Sunday, 18 September 2011

Techniques in Japanese Woodblock Prints III - Mica

Printing With Mica (Kirazuri)

You may have come across Japanese prints which are described as having mica as a feature of a special or deluxe edition. There was a craze for mica prints in the late eighteenth century, most famously by the enigmatic and little known artist Toshusai Sharaku who was mysteriously active for one year only from 1794 - 1795. His caricature prints of actors of which only 140 are known have deeply pigmented and mica strewn backgrounds, so dense that the few prints that remain are invariably cracked and crazed with the effects of decades of rolling and creasing. Sharaku is one of the most expensive ukiyo-e artists; a single print by him was sold at auction in 1997 for $296,000. Utamaro (1753 - 1806) also used this difficult and time consuming technique.

Fewer deluxe prints were produced during the nineteenth century, presumably because of high demand and therefore pressure on production, but as the popularity of ukiyo-e declined from the 1870’s onward, the deluxe edition became popular again amongst aficionados and collectors. Mica prints remain some of the finest prints that were produced in Japan. Not only did they shimmer with reflective dust, they were printed onto thicker paper with complex designs and other expensive techniques such as embossing or burnishing.

Printing with mica (and sometimes metallic powders) was a difficult and highly skilled technique. The nature of the glue and the way it held the fine powders when mixed together was such that it tended to adhere to the block rather than transfer neatly to the paper. Consequently the block was firstly prepared with gum arabic, then dusted with mica using a fine brush. The paper was then printed, transferring a sandwich of glue and dust to the required area. Alternatively, the gum was printed directly onto the paper (sometimes through a stencil) and the mica powder was sieved onto the wet glue to be dusted off when the glue had dried.

Woodblock prints with a lot of mica still present are rare because of the tendency for the powder to wear off with time, as the gum becomes brittle and less ‘sticky’. Kunichika was particularly fond of mica in his prints, particularly on series such as the 100 roles of Baiko and the 100 roles of Ichikawa Danjuro. The very fine Danjuro print illustrated below has some of the best preserved kirazuri I have seen. This print and others by Kunichika are at Toshidama Gallery from the 23rd of September 2011.

Friday, 2 September 2011

Techniques in Japanese Woodblock Prints II


Gauffrage, or Embossing.

I wanted to write these short explicatory notes to help people appreciate the terms and the techniques they might come across when viewing Japanese woodblock prints perhaps for the first time. It can be quite off-putting to tackle the specialist terminology, which is why at Toshidama Gallery we usually use plain words to describe process. Gauffrage is a case in point. It is common for a print to be described as having fine gauffrage on the cuffs of a jacket or the collar of a kimono but what does this French word have to do with Japanese prints?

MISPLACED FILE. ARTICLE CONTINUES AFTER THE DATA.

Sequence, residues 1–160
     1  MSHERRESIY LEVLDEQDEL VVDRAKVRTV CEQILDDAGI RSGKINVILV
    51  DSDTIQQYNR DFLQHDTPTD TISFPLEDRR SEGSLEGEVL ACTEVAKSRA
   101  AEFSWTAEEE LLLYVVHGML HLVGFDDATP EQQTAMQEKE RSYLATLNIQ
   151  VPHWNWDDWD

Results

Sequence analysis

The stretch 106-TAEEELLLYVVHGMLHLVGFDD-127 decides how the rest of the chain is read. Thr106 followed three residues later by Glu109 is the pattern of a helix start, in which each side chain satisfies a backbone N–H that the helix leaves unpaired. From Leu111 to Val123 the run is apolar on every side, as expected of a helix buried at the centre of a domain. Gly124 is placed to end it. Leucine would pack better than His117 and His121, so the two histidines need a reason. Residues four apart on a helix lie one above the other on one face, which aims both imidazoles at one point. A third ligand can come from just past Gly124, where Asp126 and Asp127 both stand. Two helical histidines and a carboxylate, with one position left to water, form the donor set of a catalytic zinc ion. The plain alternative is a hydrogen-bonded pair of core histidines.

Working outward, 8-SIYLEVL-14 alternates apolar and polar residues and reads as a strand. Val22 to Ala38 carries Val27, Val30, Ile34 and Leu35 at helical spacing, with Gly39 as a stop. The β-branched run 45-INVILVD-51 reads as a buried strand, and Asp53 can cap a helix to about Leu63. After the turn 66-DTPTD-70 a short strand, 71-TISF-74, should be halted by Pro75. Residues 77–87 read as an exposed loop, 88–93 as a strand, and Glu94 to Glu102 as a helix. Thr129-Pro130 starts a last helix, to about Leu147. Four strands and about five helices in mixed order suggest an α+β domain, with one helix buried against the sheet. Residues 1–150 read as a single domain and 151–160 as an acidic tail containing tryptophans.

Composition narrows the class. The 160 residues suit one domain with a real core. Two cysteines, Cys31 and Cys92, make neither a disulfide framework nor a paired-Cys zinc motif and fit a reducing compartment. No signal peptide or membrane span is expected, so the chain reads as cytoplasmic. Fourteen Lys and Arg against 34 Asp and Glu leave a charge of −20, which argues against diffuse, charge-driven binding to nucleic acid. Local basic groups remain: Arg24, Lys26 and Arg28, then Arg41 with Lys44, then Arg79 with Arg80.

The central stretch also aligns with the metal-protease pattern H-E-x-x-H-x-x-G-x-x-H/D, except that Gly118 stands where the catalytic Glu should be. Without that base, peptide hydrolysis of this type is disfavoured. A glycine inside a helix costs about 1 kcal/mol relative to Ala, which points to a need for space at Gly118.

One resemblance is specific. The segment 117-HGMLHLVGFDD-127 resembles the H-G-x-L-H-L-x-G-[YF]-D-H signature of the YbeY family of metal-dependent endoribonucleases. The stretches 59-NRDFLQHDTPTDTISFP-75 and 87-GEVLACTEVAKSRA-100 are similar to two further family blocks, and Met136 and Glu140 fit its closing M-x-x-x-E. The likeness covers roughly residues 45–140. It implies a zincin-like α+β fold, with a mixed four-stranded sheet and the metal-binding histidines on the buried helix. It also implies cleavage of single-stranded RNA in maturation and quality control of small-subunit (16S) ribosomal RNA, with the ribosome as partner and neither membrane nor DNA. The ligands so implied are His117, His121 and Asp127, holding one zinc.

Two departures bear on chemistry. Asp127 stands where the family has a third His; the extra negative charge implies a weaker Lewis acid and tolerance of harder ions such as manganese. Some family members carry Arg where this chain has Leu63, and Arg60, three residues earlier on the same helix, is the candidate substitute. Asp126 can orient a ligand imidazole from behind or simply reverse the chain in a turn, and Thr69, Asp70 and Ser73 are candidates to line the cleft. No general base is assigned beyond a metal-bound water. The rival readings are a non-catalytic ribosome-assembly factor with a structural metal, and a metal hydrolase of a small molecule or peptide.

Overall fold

Gauffrage is a hybrid word; French in origin, from gaufrer which means to emboss. This in turn has its origins in gaufre or honeycomb or waffle. In English it turns up as goffer which is a seventeenth century word meaning to crimp or plait in costumery. The word is used in the context of printmaking to mean blind embossing, a raised area of the print that is not necessarily coloured. If using a word in English other than embossing it might be better to choose the Japanese, karazuri which simply means ‘empty’ or ‘done without ink’.

The technique is simple enough, a carved area of the block is created as normal and the damp paper is laid over it and rubbed very hard with a smooth object or ‘burren’. This produces a sharply defined, raised area on the paper that will appear more or less apparent depending on the direction and source of the light. The effect is to bring life and dimension to the print - as your eyes move in relation to the surface more or less detail is revealed to you.

The technique is most common in Japanese prints of the Meiji era (1868 - 1912) although it has been used in manuscripts and other items as far back as the twelfth century, but it was really the enormous popularity of ukiyo prints in the late nineteenth century which allowed publishers and artists the license to produce lavish effects such as these.

The photographs here show three uses of embossing on a single print of Zi Luo reading by Moonlight from the series One Hundred Phases of the Moon by Yoshitoshi of 1888. In the first picture the series cartouche is deeply and sharply embossed with intersecting hexagons against which float the calligraphy of the title.

A quite different technique has been used to emboss the sack of rice that Zi Luo is carrying. It is possible that the texture was derived from stiff hessian material rather than carved wood since the embossing technique could employ any resistant textured surface as a pattern.

In the final example, the rough texture of the paper is used in the lower half of the print to evoke the rising mist. It appears that the rest of the paper has been flattened to create the contrast and hence the higher, raised edge.

In addition to the differing effects of the embossing, Yoshitoshi has used the most delicate gradations of shading and effects of colour to add realism, depth and surface incident to the composition. The result is a fine evocative print which seems effortlessly to demonstrate the range of the woodblock artist. This print and others by Yoshitoshi will be available in our new season show: 4 x 4 Giants of the Ukiyo Scene from September 23rd.